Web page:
Council increases risk to public coffers by altering multi-million pound Edinburgh trams contract
Edinburgh City Council made changes to trams construction contracts that increased the risk of losing taxpayer cash after the bidding process was already completed, it has been revealed.
In Spring 2018, the council invited bids for its tram extension project, on the understanding that, if electrical subcontractor costs overrun by between 100-120 per cent, then the council and the main construction contractor would accept equal liability for these costs - known as a ‘pain share’.
The subcontractor, in this case Siemens, would be liable for 50 per cent of the cost overruns, with the main contractor and the council liable for 25 per cent each.
However, after the tram extension project was awarded to SFN JV - a joint venture consisting of companies Sacyr, Farrans and Neopul - the risk to SFN JV was removed and the council accepted an additional 25 per cent of the pain share, meaning taxpayers will shoulder 50 per cent of the cost if Siemens’ costs overrun by up to 20 per cent.
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This change alone could be worth hundreds of thousands of pounds to SFN JV, and cost taxpayers the same amount, as during the first phase of the trams construction, costs spiralled due to delays, adding an additional £231m to the original budget of £545m.
The Siemens subcontract is believed to be worth around 10 per cent of the £207m Trams to Newhaven project, so a cost overrun of 20 per cent would incur pain charges of around £4m, of which taxpayers would be liable for half.
Under the previous contract terms, SFN JV would have been liable for up to £1m of the cost overruns - now it is liable for none.
Rival companies submitted bids for the contract, factoring in this risk in their applications, leading to concerns that rival companies could have submitted more competitive bids if they had known of the contract changes.
The council has previously failed to answer freedom of information requests on the subject, saying it was unable to answer questions as the relevant officers were not responding to emails.
Now, the council has had to answer after Conservative Fountainbridge and Craiglockhart councillor Andrew Johnston lodged a question asking for details of any post-bidding process changes at a full meeting of the council on Thursday.
A written response, from the SNP convener of the transport committee, and and councillor for Liberton and Gilmerton, Lesley Macinnes, says there was an “amendment to payment of Siemens’ pain share so that the council will bear the cost of overruns 50/50 with Siemens (as opposed to 25% the council, 25% Infrastructure and Systems Contractor, and 50% Siemens) up to 120 per cent”.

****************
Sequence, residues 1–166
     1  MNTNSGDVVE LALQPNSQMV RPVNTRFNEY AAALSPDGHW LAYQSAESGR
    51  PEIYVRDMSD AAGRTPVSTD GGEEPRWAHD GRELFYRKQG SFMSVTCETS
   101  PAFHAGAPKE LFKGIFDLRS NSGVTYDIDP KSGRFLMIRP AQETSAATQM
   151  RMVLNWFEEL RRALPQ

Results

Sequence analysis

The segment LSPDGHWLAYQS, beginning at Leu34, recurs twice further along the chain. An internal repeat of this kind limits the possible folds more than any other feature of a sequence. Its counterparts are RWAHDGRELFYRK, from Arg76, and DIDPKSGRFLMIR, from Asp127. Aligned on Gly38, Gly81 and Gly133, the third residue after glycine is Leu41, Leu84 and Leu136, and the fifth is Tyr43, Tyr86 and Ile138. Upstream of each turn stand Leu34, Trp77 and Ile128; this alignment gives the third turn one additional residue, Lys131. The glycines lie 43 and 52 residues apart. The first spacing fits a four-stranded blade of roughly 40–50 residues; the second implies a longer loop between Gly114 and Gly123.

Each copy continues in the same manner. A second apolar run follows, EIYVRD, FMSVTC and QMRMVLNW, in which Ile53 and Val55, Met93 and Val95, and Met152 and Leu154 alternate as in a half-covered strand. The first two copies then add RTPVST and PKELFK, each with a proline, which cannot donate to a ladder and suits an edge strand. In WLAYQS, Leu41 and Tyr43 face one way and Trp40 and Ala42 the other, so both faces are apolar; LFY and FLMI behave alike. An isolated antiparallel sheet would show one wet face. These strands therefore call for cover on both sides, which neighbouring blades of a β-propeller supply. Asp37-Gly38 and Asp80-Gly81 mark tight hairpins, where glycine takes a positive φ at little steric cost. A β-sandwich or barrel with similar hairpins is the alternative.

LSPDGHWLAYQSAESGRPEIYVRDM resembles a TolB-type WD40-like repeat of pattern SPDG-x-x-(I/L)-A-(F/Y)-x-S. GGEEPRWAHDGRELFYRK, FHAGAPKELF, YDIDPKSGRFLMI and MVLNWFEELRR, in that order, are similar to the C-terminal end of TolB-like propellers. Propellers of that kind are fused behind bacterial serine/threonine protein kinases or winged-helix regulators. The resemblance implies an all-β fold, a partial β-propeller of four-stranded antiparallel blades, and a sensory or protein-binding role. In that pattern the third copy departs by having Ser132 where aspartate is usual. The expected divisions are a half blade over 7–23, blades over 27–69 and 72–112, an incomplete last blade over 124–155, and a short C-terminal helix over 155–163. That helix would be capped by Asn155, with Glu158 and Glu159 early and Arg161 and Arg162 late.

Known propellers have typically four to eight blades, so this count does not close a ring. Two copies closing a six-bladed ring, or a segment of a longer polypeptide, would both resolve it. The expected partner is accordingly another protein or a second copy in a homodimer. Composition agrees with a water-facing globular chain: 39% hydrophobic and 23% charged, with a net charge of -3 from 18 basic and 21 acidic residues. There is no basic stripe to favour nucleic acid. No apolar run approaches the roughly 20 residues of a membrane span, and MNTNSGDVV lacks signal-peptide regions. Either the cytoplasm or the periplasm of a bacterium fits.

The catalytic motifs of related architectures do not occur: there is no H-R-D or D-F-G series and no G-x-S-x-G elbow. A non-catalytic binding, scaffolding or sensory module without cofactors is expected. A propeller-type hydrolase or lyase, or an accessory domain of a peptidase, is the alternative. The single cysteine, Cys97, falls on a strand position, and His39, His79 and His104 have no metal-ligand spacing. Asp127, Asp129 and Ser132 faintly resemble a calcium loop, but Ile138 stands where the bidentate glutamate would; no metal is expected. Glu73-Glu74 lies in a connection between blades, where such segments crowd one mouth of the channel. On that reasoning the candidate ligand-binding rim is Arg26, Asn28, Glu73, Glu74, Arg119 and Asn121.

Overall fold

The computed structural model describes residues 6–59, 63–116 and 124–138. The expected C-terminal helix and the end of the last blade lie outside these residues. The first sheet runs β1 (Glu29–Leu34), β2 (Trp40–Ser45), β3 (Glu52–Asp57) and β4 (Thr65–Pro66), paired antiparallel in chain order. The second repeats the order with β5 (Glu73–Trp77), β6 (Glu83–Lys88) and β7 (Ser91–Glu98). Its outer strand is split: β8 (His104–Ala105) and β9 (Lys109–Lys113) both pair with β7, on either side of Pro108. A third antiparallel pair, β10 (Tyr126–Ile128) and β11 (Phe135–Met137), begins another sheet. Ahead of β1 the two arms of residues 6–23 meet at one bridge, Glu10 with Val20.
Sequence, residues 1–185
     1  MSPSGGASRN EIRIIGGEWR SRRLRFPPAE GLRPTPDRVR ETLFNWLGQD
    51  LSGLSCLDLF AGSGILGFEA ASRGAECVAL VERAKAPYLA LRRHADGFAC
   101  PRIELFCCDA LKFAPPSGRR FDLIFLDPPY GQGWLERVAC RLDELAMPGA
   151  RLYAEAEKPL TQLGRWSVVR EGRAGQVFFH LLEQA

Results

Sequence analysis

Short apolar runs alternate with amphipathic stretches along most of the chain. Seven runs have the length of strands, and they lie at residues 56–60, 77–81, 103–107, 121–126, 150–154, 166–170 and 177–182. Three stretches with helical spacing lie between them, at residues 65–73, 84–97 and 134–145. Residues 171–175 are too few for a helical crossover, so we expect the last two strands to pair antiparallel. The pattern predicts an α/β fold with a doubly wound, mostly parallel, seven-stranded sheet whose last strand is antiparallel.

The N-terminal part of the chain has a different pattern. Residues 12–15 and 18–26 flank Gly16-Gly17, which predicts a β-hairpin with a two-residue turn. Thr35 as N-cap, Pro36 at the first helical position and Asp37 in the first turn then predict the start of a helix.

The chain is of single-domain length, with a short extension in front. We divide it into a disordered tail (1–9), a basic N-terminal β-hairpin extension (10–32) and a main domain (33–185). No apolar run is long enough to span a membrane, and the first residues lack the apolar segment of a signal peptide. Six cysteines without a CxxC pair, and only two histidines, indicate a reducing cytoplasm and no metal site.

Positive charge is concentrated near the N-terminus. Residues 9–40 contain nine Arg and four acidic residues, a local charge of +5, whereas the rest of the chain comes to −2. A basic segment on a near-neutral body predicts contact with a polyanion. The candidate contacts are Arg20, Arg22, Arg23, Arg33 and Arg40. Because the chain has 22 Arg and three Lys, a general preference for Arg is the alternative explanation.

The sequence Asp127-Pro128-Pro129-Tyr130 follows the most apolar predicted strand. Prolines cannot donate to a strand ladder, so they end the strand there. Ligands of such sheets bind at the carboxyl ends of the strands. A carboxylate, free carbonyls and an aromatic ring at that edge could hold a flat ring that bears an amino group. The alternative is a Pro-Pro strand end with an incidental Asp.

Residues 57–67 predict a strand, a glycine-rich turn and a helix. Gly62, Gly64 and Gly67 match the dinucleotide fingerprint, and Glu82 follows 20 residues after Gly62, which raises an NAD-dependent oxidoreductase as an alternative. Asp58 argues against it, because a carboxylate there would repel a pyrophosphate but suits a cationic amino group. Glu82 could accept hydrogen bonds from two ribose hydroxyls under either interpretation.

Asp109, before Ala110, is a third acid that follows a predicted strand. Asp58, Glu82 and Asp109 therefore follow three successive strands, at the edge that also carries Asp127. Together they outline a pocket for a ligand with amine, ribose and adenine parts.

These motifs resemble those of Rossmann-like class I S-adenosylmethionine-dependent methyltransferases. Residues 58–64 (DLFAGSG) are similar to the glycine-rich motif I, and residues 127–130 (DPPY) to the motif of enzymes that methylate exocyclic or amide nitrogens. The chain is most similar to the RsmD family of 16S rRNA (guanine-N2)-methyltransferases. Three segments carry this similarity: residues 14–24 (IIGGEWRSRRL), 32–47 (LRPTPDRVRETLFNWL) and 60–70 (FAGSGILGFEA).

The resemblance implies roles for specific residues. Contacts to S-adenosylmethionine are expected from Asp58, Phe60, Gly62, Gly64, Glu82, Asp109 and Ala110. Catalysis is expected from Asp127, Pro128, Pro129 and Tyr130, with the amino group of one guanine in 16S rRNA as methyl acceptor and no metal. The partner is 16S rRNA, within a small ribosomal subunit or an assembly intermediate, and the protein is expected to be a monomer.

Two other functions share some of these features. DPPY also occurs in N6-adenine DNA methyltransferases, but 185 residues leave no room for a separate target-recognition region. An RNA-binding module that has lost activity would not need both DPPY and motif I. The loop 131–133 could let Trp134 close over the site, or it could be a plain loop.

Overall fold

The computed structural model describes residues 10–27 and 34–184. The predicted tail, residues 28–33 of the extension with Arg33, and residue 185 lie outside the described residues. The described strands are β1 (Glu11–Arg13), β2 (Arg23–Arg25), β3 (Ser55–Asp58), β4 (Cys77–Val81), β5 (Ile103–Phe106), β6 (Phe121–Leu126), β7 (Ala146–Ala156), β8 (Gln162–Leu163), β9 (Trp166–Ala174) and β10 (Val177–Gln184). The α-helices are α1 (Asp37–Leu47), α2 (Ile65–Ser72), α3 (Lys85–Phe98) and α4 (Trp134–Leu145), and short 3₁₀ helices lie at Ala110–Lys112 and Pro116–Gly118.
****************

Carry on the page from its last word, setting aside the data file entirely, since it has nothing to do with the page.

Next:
The council says the contract changes “were approved in accordance with the contract standing orders and by the Project Board, and reported to the Finance and Risk Group for the project”, although neither of these are public, democratic committees.
In a statement, councillor Macinnes said: “The Early Contractor Involvement period employed by the council on this project allowed for a period of close, collaborative working with the contractors before construction commenced to test and confirm the assumptions around programme, cost and risk.
“This led to a number of contract changes to ensure that the construction contracts reflected the position tested and confirmed during the Early Contractor Involvement period.
“Using lessons learned from the previous tram project, the current project has ensured there is robust governance in place, with a project board, a finance and risk board, regular reporting to our Corporate Leadership Team and an ongoing agile audit which means that the project is audited on a regular basis.
“We also have an All Party Oversight Group (APOG) which, as a result of member requests, has recently been strengthened to include disclosure of commercial and risk positions.”
Councillor Johnston added: “'There may be valid reasons for altering the contract, however, the important thing is to understand the changes and what they mean in terms of risk and costs.
“Given the amount of money involved, greater transparency is needed as to how the project is progressing, whether in a regular report to a council committee or to the full council.
“It is only then that councillors can effectively scrutinise decisions that are being made.”